Cirque du Soleil has become a lot like Christmas. Everyone more or less enjoys the experience but, truth be told, Cirque has become predictable.
So what a pleasant surprise to report that for the 35th Cirque presentation, “Kurios: Cabinet of Curiosities,” writer/director Michel Laprise has reinvented Santa Claus.
Playing now through Jan. 29 on the grounds of Hard Rock Stadium in Miami Gardens, “Kurios” is the freshest, most inspired and most engaging Cirque show to hit South Florida since rival company Cavalia (founded by Normand Latourelle, a principal with Cirque du Soleil in the 1980s) brought “Odysséo” to Miami in 2012.
Laprise promised as much in a chat with the Miami Herald earlier this month to tout his spectacle. “I said to the creative team that this is more than a show. We were told by our audiences the last two or three Cirque shows were starting to become predictable.”
“Kurios” reveals its differences from the moment the audience enters the familiar blue and gold Grand Chapiteau big top. A narrow bridge, made of metal and rope, runs the length of and towers over the simulated wood stage. Want to go backstage and traverse the bridge so you can feel like one of the 46 performers in the “Kurios” cast? Go for it. Time permitting, a crew member will help line you up backstage for your walk across the bridge.
Laprise doesn’t try to force a story into “Kurios.” Just know there’s a main character called The Seeker (Anton Valen) who cavorts on a Victorian-era stage, and he has a cabinet of curios who come to life via the acrobats, contortionists, jugglers and vocalists to tantalize his imagination.
One of the most delightful acts, Hand Theater, features hand puppeteer Nico Baixas, who acts out a drama in miniature by using just his hands to portray various characters. His movements are projected on an antique-style dirigible’s screen and, at one point, Baixas used the head of an audience member as his stage. Friendly tip: you might be in the show so floss well and brush your hair beforehand.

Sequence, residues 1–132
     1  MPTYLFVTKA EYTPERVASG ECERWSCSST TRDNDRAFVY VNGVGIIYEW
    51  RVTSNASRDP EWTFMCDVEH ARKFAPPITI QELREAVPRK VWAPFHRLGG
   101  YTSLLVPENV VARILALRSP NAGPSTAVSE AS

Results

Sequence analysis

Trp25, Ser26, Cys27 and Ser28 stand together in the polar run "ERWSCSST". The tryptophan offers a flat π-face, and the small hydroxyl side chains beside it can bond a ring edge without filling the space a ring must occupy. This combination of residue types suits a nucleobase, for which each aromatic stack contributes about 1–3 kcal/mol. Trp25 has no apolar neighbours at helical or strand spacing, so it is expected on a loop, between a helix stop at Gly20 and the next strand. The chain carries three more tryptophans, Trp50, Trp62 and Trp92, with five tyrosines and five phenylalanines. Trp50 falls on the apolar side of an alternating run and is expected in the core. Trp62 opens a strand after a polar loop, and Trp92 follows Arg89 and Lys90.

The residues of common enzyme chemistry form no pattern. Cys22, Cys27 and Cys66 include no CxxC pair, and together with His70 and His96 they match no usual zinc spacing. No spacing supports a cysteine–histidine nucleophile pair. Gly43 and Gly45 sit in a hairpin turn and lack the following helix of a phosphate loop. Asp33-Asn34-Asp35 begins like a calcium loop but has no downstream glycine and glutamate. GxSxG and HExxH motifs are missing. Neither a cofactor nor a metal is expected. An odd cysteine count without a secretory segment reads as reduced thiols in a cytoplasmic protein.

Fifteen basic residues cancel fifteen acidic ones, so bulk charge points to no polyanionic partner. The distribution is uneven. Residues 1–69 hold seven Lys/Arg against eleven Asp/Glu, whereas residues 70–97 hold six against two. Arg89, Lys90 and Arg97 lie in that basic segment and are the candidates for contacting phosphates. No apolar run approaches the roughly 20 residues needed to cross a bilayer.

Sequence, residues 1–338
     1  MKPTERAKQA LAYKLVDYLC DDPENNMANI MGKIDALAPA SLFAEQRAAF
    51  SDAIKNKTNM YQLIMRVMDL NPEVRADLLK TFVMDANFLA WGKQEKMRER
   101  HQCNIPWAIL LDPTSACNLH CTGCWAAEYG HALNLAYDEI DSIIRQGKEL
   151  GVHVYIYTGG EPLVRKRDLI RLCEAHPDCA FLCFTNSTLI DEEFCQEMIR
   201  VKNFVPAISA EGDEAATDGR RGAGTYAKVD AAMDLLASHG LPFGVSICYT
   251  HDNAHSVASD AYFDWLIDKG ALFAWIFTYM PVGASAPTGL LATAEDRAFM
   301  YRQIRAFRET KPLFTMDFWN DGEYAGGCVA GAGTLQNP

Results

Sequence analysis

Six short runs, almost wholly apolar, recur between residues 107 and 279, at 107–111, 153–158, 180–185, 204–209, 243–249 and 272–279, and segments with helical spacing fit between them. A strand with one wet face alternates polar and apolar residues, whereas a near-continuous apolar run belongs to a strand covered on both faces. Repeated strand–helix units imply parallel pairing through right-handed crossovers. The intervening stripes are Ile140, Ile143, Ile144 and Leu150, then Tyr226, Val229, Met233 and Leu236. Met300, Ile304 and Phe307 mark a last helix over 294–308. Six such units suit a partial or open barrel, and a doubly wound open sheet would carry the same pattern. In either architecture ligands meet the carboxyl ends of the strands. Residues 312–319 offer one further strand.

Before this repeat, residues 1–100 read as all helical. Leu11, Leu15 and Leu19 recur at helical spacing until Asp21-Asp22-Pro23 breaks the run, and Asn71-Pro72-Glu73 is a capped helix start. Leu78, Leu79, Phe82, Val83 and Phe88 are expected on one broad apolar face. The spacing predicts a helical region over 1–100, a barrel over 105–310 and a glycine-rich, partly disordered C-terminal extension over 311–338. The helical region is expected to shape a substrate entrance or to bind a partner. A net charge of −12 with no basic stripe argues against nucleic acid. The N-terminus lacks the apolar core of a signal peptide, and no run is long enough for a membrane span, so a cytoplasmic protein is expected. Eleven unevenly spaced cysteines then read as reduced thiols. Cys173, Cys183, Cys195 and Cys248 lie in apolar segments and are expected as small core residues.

Also charming and unusual is an act you won’t see. But you will. Let’s explain: Facundo Gimenez, the comic Ringmaster, presides over a number of traditional circus acts — the trampoline, the lion tamer, the high-wire acrobat — but the performers are “invisible” and only the parting of a curtain, a teetering see-saw, the roar of the escaping beast, the swing of a trapeze, are presented. Sounds silly, but it works.
Laprise, who served as artistic director for Madonna’s 2012 Super Bowl halftime show and subsequent MDNA Tour, elevated every typical Cirque trope with a twist to engage the eye and delight fans who have seen it all before.
A traditional balancing act with chairs that somehow stick together is boosted by an amusing mise-en scéne: a dinner party in which guests stack chairs on the table as hand balancing artist Andrii Bondarenko performs frightening feats atop them. You’ve seen that before in other Cirque shows. But you haven’t seen a mirror image of the same, descending from above the tent’s tip top, as performers scamper upside-down to meet Bondarenko in the middle.
The end result is a Cirque show that will tweak your imagination. Fresh and wildly creative, “Kurios” feels like more fun than opening presents on Christmas morning.
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